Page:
When the Person Who Called the Police Doesn’t Want to Go Forward

Posted by Corey L. Scott | Nov 27, 2021 | 0 Comments

What happens when the person who called police or initiated charges decides that they do not want anything to do with the case anymore? Are the charges dropped?

I get asked about this from time to time, and unfortunately there is not one universally applicable answer, as it really depends. What happens in these types of situations is determined by several factors. The first factor will always be the charges themselves, and their severity.

It will also depend on the type of evidence that is available. For example, say it is a domestic violence case, and the only evidence against you are verbal allegations. This would mean that the prosecution's case heavily relies on the cooperation of whoever is making these allegations. In a situation where this person no longer wishes to be involved in the case, the prosecution may consider dropping the charges.

It is important to note that once a formal charge is brought against you, the State of Indiana is the only authority who can dismiss the case. The exception to this being on rare occasions where the defense can file to have the charges dismissed, based on some flaw in the case. Most of the time however, it will be The State and the prosecutor who are the ones deciding whether to dismiss a case.

While it is a possibility that The State could dismiss the case, they could also decide to move forward even without the cooperation of the alleged victim. If the prosecution does choose to continue with the case, this person could always decide to give a statement which would formally recant their previous one. Maybe in the heat of an argument, with emotions running high, things were exaggerated. It is also possible that something was miscommunicated. If they wish to, the person who called police or pressed charges could go on record explaining why they would like to withdraw their previous statement.  

All of these are things that will be considered by a prosecutor. In the end, it is the prosecutor who has the power to decide whether they want to move forward with the case, or whether they have information that will allow them to dismiss the case if it is the right thing to do. I'm Corey Scott. If you have any other questions feel free to reach out and hit me up. I would be more than happy to help in any way possible. 

About the Author

Corey L. Scott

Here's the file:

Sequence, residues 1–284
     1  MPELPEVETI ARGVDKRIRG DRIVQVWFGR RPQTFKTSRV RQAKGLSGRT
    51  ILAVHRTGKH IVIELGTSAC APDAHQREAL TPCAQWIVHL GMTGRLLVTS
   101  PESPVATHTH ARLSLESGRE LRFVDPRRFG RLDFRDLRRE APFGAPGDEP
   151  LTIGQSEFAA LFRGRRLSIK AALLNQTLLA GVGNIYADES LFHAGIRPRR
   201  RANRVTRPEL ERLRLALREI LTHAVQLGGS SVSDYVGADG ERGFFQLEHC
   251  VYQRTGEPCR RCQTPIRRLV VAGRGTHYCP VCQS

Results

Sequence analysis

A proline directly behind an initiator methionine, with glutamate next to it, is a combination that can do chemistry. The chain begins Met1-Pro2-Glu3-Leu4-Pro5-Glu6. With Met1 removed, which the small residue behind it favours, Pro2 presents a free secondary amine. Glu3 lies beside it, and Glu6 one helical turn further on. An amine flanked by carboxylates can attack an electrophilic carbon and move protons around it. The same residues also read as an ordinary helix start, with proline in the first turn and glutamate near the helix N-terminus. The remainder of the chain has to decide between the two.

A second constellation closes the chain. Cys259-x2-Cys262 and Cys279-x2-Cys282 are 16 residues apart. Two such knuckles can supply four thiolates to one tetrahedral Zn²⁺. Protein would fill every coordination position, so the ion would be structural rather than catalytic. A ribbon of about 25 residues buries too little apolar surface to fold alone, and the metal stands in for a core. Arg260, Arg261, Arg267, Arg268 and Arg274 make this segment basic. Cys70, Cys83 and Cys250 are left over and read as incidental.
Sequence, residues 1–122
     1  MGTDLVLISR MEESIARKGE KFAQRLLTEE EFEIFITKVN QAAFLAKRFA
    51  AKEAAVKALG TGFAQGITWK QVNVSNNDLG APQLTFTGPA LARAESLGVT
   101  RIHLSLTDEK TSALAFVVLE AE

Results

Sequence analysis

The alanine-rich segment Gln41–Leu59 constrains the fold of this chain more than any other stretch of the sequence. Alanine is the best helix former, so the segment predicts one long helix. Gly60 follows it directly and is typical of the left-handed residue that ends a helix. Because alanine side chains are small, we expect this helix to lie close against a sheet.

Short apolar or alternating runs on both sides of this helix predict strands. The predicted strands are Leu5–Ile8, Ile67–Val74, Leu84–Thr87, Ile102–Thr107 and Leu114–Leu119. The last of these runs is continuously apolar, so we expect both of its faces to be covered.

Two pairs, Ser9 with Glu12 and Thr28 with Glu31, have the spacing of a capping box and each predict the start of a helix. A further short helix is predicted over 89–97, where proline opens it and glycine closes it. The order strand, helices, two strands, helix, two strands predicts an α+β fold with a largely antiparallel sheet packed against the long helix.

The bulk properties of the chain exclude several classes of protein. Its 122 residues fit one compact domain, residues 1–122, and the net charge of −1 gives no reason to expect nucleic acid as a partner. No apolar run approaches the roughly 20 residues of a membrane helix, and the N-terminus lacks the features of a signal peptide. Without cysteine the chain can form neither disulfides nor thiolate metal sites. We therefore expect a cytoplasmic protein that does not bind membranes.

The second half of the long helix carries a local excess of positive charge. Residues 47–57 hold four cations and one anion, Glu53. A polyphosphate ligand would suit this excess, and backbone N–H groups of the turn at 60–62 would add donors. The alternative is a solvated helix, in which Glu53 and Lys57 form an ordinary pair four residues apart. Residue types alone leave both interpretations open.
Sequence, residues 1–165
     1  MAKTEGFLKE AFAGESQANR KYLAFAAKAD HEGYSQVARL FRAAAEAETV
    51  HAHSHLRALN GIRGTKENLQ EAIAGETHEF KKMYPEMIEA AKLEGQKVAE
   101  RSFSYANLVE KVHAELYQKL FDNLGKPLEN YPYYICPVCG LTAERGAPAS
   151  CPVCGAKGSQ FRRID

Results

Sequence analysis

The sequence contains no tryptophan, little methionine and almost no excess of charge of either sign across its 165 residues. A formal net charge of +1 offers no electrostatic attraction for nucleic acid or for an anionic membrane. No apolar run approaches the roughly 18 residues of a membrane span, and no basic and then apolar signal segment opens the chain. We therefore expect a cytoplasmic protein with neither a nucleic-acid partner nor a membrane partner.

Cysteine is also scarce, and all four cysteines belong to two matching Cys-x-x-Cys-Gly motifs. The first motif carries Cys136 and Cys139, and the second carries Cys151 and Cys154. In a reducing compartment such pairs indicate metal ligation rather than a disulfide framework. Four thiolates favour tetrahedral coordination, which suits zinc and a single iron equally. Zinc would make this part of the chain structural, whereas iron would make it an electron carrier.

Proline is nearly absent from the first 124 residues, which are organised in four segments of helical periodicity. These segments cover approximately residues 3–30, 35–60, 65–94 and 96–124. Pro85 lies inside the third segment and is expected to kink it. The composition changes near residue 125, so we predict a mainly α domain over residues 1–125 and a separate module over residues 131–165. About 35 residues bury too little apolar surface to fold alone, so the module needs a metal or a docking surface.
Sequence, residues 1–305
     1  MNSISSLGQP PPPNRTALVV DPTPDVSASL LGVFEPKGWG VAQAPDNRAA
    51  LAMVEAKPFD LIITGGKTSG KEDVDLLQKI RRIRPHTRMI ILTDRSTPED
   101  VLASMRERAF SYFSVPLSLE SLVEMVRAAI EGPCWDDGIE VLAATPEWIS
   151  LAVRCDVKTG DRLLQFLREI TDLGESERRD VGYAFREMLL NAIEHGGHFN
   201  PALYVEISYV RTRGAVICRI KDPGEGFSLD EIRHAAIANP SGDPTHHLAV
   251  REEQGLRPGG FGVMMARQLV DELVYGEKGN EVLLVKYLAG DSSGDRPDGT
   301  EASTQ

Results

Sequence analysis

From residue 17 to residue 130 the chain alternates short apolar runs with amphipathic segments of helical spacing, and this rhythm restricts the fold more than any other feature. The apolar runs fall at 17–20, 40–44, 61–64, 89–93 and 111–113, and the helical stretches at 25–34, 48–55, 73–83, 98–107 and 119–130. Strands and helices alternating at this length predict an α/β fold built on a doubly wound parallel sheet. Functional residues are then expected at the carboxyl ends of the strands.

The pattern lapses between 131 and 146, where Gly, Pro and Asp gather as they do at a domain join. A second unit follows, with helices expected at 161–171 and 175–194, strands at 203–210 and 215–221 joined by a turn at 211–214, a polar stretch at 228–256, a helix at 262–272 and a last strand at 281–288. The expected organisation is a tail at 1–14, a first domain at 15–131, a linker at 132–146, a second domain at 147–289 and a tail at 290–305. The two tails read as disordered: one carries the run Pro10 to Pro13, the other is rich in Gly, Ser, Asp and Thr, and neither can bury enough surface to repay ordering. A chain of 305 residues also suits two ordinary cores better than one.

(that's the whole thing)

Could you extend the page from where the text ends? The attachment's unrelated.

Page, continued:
Corey L. Scott, was born and raised in East Chicago, Indiana. Upon graduation from East Chicago Central High School, Corey attended Indiana State University and graduated with a Bachelor of Science degree in Criminology.  Upon graduation, Corey accepted a position with the Marion County Superior Court, Juvenile Division where he served with distinction for the next nine years, eventually being promoted to Director of the Youth Counseling Department. Pursuing his dream of becoming an attorney, Corey attended the Indiana University School of Law-Indianapolis.  While in law school, Corey was an Indiana Council on Legal Education Opportunity (ICLEO) fellow and participated in Moot Court competitions.  He also worked in the Marion Superior Court, Criminal Division as a bailiff and research assistant to the Honorable Tanya Walton Pratt, who serves as a Judge on the United States District Court for the Southern District of Indiana. Corey also served as an internship law clerk to the Honorable Judge, Margret G. Robb, at the Indiana Court of Appeals. Finally, upon graduation from law school, Corey had the distinct honor and privilege to serve as a law clerk to the Honorable Justice, Robert D. Rucker, who sits on the Indiana Supreme Court. Corey then became an associate with Mike Norris Law Office, where he specialized in bankruptcy law with a main concentration on working to assist families obtain a fresh start through Chapter 7 bankruptcy.  Still a young attorney, Corey then served as a public defender at the Marion County Public Defender Agency.  In this position, Corey gained invaluable trial experience by defending clients in a wide range of matters from misdemeanors to serious felonies on a daily basis.  It was also during this time that Corey discovered his passion for representing and serving "everyday people." An entrepreneur at heart, Corey established the Law Office of Corey L. Scott, P.C.  Since then, he and his staff have served the greater Indianapolis community and surrounding counties in several legal disciplines including: Bankruptcy, Criminal Defense and Family Law.  In keeping with his vision, Corey L. Scott, P.C., is a client focused, results oriented general law practice that endeavors to provide legal solutions for "everyday people" charged with a crime, dealing with financial crisis or going through a difficult divorce. Corey has also been active serving the greater Indianapolis community by participating in pro bono programs such as "Ask a Lawyer," the "Modest Means" panel program which allows individuals to afford legal counsel at a fraction of normal rates, Neighborhood Christian Legal Clinic and the Heartland Pro Bono Council program. Corey is a proud member of the Indianapolis Bar Association, Indiana Bar Association, American Bar Association, National Association of Criminal Defense Lawyers and the National Association of Consumer Bankruptcy Attorneys.


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